Alarm bells went off when a child discovered nests of eggs in a New South Wales school sandpit — but what species they belong to is a mystery.

Wildlife volunteers at Fawna, who spent three days digging up the seven nests and 43 eggs on the state's mid-north coast last month, said they have started to hatch.

The group believes the eggs, discovered at Laurieton near Port Macquarie, belonged to the extremely venomous eastern brown snake.

However, Australian Reptile Park general manager Tim Faulkner told the Daily Telegraph the shape of eggs found in the sandpit were not consistent with the more elongated size of the deadly brown snake.


"I can say with a high degree of certainly the eggs look like a water dragon lizard eggs," he told the newspaper.

"The fact the school is near the water also makes it more unlikely to be an eastern brown snake, as they are not so active there.

"Another thing is that brown snakes just don't have legs, and these eggs were buried — brown snakes more commonly use an existing rabbit warren or under timber."

Read more: Volunteers discover 43 brown snake eggs in school sandpit

But, this morning, the mystery deepened further as Fawna released a statement saying it is "fairly certain" it is dealing with snake eggs — "possibly" from an eastern brown.

"Due to the fact of all of the controversy I went back and checked on the nest and found that all but one of the eggs had hatched," the statement read.

"The remaining egg contained a small pink wormlike embryo with two eyes and no sign of legs.

"It may or may not have been a snake but the good news is that all animals have been released and living in the wild."

Volunteers for the wildlife group visited the sandpit the day the call came in — on December 20 — and removed 12 eggs.

But, that same afternoon, more eggs were discovered buried in another part of the pit.

Yvette Attleir, a Fawna Wildlife Rescue volunteer, said the group cordoned off the pit to thoroughly search the area and remove the eggs.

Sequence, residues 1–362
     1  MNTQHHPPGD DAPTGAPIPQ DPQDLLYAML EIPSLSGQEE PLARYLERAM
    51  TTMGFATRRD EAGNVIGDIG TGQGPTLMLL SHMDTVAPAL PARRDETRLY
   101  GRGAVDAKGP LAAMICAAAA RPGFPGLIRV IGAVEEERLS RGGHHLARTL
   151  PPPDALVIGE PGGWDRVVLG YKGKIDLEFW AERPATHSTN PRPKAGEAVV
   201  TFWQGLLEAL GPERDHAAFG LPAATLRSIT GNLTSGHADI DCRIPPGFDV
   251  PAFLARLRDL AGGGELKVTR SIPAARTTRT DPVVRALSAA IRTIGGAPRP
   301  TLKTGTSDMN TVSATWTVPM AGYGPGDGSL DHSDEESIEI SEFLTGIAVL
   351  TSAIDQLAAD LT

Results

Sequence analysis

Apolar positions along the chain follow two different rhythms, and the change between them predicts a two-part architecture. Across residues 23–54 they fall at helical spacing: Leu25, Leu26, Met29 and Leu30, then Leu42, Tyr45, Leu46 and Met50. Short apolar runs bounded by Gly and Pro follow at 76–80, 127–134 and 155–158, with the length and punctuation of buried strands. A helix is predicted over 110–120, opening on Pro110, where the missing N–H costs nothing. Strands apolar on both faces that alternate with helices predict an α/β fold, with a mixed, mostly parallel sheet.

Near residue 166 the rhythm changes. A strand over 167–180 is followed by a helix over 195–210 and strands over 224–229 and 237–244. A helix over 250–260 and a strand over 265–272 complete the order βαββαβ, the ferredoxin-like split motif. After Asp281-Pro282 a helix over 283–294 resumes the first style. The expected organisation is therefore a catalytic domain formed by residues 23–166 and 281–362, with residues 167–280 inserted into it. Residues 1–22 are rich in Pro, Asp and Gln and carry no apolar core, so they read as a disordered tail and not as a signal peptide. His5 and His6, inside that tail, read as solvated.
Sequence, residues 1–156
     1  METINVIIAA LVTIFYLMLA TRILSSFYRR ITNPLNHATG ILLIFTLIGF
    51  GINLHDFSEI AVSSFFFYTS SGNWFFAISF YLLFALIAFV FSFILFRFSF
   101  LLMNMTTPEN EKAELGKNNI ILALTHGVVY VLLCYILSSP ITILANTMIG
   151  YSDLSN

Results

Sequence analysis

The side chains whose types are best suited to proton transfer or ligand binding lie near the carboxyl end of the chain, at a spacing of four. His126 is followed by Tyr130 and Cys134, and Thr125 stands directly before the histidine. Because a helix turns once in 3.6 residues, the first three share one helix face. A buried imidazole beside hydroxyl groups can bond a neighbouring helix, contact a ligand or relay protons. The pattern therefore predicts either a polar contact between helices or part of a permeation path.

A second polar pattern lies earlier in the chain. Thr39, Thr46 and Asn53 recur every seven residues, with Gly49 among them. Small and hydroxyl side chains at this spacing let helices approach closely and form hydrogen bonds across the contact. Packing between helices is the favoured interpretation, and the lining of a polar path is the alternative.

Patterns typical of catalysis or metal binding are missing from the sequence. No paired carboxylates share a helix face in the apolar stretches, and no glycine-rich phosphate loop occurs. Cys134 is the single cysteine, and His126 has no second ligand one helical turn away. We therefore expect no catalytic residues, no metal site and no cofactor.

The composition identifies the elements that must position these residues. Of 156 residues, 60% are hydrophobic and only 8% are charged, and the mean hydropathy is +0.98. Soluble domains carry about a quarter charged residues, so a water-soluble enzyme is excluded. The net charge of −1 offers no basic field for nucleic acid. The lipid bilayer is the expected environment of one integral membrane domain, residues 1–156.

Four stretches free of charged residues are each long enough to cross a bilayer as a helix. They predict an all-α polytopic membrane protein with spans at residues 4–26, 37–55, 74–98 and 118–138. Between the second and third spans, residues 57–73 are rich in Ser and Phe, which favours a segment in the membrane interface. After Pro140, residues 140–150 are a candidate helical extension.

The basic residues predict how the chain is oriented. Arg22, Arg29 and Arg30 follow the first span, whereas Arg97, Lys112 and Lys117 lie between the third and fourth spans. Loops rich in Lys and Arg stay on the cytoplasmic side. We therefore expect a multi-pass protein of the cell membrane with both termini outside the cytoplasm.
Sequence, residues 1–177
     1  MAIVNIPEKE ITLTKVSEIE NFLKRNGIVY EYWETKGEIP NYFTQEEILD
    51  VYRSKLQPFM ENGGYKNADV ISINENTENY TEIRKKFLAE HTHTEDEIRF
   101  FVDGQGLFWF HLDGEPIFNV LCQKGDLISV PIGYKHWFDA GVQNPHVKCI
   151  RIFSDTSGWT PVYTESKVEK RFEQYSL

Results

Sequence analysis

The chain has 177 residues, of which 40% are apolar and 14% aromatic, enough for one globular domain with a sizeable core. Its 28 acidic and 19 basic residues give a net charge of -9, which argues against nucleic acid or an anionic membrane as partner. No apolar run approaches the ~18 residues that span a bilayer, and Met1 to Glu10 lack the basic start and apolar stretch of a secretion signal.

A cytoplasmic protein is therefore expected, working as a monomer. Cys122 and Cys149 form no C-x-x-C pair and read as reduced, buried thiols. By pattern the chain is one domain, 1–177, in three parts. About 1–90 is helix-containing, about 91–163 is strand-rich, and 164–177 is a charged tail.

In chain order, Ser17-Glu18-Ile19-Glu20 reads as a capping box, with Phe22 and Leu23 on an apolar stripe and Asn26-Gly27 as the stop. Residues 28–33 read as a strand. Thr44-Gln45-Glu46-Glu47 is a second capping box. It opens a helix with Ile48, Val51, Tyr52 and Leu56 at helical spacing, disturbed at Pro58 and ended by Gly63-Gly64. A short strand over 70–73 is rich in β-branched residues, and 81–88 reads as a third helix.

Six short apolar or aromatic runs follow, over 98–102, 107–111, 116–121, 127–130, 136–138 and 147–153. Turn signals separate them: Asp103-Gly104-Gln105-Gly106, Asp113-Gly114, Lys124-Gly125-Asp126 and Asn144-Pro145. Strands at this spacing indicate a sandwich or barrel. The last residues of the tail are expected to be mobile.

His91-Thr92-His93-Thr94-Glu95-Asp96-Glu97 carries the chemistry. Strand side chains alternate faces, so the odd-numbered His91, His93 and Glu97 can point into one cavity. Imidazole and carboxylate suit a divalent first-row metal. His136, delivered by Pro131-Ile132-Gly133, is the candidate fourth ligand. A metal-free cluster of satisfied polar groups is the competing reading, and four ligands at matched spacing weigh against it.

The Fawna statement also responded to the criticism and comments coming through on social media.

"We really don't have the time or the people power to deal with all the comments coming through at the moment, we are a small, time poor group of volunteers in a very busy time of the year. We always appreciate constructive input from the public."

"If you would like to join FAWNA please see our website as we would love to have more members on the ground helping our stretched volunteers, especially at this time of the year."

Eastern brown snakes are responsible for more deaths in Australia than any other. Photo / Supplied
Eastern brown snakes are responsible for more deaths in Australia than any other. Photo / Supplied

Attleir believes the nests and eggs could have all been laid by a single brown snake.

She said the snake could have snuck into the sandpit shortly after it was constructed.

"The sand was still fresh and loose and would have provided the perfect place for snakes to regulate the eggs due to the temperature," she said.

"The pit also backs on to a reserve so it would have looked like the perfect nesting place for the snake."

Once the eggs are laid by the mother, the baby snakes are then left to hatch independently.

Despite the shocking discovery, Attleir said there is no need for nearby residents to be overly concerned.

"We live in an area where we are surrounded by a lot of nature, which is wonderful," she said. "Dealing with nature is a natural part of life here."

She added that the eggs were carefully removed and safely placed at an unspecified location.